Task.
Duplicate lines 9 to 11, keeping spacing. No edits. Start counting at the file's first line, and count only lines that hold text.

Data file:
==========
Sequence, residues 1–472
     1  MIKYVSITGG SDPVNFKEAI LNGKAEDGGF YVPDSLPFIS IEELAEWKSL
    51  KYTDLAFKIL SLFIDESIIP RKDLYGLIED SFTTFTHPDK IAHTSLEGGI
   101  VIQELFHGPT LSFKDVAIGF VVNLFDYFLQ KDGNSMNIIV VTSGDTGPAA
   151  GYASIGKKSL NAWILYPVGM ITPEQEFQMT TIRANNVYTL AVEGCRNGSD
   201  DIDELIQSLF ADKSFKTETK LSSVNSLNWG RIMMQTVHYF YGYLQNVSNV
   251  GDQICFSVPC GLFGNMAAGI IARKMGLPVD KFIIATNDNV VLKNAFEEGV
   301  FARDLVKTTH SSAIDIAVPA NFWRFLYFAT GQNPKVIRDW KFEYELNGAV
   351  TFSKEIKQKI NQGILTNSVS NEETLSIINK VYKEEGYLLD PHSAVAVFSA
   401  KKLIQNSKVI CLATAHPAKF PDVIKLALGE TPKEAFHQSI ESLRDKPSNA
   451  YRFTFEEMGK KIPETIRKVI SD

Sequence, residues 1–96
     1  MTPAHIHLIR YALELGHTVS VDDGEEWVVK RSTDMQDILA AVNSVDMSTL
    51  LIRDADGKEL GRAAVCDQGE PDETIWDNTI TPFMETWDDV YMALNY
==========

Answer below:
   351  TFSKEIKQKI NQGILTNSVS NEETLSIINK VYKEEGYLLD PHSAVAVFSA
   401  KKLIQNSKVI CLATAHPAKF PDVIKLALGE TPKEAFHQSI ESLRDKPSNA
   451  YRFTFEEMGK KIPETIRKVI SD